White House goes after budget office scoring healthcare bill

The White House on Wednesday questioned the work of the independent Congressional Budget Office (CBO) ahead of its widely anticipated estimate for the GOP’s bill to repeal and replace ObamaCare. 

White House press Sean Spicer said the scorekeeper was “way off last time” in its cost estimate of the Affordable Care Act, arguing its numbers on the Republicans’ replacement should not be taken as the final word.

“If you’re looking at the CBO for accuracy, you’re looking in the wrong place,” Spicer said. 

Spicer indicated the Trump White House plans to release its own estimate of the bill through the Office of Management and Budget. 

{mosads}The preemptive attacks on the budget office from Republicans are likely a sign that they  expect the CBO will find that their plan will leave more Americans without health insurance and raise costs for the government.

Democrats, and some Republicans, have argued the House shouldn’t vote on the repeal and replace measure until the CBO releases its cost estimate. 

Keith Hall, the current CBO director, was appointed by then-Speaker John Boehner (R-Ohio) in 2015. Tom Price, who is now President Trump’s Health and Human Services secretary, was heavily involved in the selection as then-chairman of the House Budget Committee.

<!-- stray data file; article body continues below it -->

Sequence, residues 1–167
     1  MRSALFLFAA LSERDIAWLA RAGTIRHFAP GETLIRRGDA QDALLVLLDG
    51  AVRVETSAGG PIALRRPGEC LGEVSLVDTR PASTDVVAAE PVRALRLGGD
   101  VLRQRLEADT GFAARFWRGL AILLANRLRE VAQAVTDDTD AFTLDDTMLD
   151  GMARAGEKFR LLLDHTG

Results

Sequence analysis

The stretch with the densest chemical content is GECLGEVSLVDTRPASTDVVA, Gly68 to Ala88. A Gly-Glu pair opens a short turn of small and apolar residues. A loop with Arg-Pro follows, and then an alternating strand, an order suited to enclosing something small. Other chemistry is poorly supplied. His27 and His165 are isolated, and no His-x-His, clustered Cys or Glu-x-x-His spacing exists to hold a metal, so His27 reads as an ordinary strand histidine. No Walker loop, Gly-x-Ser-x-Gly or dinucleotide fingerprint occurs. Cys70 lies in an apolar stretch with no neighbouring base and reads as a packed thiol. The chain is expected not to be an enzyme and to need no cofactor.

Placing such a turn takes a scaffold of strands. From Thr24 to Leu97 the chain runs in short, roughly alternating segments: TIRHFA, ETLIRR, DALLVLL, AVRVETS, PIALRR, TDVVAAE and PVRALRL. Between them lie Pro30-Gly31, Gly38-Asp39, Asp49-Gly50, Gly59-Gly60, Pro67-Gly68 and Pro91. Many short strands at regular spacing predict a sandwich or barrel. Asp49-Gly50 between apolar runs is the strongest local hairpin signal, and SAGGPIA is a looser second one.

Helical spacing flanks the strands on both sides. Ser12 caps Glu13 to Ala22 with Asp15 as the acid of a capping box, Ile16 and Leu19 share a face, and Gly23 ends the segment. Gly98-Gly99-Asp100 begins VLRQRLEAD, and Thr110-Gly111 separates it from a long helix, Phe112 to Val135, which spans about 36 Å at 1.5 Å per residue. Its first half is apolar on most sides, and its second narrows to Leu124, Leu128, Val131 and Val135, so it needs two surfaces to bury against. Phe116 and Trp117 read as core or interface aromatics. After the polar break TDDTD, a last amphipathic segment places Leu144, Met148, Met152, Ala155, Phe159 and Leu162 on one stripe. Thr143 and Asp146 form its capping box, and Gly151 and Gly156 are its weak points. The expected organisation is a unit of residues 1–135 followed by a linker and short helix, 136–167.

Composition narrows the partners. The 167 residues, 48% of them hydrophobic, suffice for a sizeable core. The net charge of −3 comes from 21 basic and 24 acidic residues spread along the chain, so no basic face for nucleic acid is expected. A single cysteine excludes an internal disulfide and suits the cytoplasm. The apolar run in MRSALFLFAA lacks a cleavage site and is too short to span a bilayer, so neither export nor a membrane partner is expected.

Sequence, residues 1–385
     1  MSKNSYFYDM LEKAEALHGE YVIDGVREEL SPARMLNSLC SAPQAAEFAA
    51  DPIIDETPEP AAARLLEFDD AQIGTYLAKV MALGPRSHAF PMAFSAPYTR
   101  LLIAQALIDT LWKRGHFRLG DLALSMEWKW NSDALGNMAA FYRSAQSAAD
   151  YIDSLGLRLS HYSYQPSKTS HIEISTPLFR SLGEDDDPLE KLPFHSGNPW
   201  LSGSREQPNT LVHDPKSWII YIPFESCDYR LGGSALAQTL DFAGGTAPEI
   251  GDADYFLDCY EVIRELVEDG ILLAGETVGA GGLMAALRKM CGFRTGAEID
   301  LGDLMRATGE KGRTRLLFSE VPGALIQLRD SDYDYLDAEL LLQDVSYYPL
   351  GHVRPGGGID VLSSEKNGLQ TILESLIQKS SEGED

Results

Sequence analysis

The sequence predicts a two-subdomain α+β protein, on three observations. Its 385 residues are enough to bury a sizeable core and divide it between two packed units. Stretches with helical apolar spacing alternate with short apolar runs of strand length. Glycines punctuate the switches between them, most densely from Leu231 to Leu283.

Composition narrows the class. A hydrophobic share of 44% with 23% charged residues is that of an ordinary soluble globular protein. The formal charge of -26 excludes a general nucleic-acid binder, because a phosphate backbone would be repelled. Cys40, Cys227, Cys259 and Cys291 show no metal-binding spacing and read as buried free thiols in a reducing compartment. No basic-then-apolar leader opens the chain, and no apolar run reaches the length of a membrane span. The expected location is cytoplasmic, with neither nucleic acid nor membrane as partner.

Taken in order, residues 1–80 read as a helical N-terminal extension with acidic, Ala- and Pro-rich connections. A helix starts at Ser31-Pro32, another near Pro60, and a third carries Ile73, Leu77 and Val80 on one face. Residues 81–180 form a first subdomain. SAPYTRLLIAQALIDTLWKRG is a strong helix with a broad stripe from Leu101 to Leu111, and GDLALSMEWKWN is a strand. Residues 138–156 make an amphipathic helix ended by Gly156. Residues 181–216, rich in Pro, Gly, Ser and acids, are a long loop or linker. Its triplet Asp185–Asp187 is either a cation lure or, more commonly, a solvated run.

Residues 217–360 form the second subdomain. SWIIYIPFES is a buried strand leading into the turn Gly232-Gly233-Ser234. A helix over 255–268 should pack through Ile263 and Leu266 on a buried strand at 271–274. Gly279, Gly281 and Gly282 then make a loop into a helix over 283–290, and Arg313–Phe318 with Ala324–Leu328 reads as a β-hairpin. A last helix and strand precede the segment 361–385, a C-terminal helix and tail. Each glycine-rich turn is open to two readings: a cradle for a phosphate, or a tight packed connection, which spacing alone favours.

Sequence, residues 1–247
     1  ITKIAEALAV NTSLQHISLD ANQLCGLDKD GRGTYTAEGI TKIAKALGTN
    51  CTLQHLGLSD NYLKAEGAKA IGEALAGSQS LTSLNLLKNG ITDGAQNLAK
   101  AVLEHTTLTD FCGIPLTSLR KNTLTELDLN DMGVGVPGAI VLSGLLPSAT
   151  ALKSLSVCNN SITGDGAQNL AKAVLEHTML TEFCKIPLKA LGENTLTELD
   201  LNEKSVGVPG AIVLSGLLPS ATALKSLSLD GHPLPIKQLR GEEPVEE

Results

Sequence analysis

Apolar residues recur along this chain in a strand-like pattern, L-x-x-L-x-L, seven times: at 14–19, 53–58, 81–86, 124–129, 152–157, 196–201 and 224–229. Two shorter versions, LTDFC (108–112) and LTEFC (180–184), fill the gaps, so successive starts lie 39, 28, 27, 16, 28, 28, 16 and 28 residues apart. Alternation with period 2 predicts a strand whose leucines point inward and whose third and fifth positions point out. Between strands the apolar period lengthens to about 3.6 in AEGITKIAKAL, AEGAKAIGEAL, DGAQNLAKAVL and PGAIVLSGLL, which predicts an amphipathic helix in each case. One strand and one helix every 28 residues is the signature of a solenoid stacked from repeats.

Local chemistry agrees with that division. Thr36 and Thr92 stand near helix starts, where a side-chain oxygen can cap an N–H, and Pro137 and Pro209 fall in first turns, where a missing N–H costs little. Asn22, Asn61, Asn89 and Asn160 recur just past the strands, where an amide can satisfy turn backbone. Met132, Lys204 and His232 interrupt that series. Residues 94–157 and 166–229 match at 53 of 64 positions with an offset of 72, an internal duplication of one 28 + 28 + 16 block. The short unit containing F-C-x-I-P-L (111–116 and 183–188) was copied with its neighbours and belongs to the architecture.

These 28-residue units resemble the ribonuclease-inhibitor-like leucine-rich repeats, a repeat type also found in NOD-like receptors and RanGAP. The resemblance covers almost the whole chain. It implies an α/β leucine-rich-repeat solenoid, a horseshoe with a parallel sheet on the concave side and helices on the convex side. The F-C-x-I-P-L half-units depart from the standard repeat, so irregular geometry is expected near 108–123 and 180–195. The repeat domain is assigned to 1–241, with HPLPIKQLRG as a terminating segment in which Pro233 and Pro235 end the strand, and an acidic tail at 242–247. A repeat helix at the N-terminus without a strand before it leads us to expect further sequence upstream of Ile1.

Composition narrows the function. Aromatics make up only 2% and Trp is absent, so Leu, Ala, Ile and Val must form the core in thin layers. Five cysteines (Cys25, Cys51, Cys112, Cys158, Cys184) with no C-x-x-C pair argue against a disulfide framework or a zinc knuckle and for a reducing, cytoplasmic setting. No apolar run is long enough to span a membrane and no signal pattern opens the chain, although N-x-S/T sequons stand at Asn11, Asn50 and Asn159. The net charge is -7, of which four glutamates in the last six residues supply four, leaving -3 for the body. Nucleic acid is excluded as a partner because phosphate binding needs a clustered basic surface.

The CBO is rushing to provide an analysis of the GOP’s repeal and replace bill, which would repeal many aspects of the Affordable Care Act and creates a new tax credit to help people buy insurance.

Trump and Spicer have frequently cited the CBO in the past while making the case against ObamaCare. 

“CBO now estimates that over 2.5M will lose jobs directly because of ObamaCare. REPEAL now before it is too late,” Trump tweeted in April 2014. 

“Bet Dems wished #obamacare covered the sting from the CBO report showing #Obamacare Cody’s jobs & adds 2 deficit,” Spicer tweeted in February of that year. 

Spicer also tweeted out a report earlier this year showing that a GOP-backed repeal bill would save more than $500 billion over a decade. 

Republicans began committee markups of the legislation on Wednesday, and hope to have the bill to the House floor in two weeks.

– Updated at 2:51 p.m.

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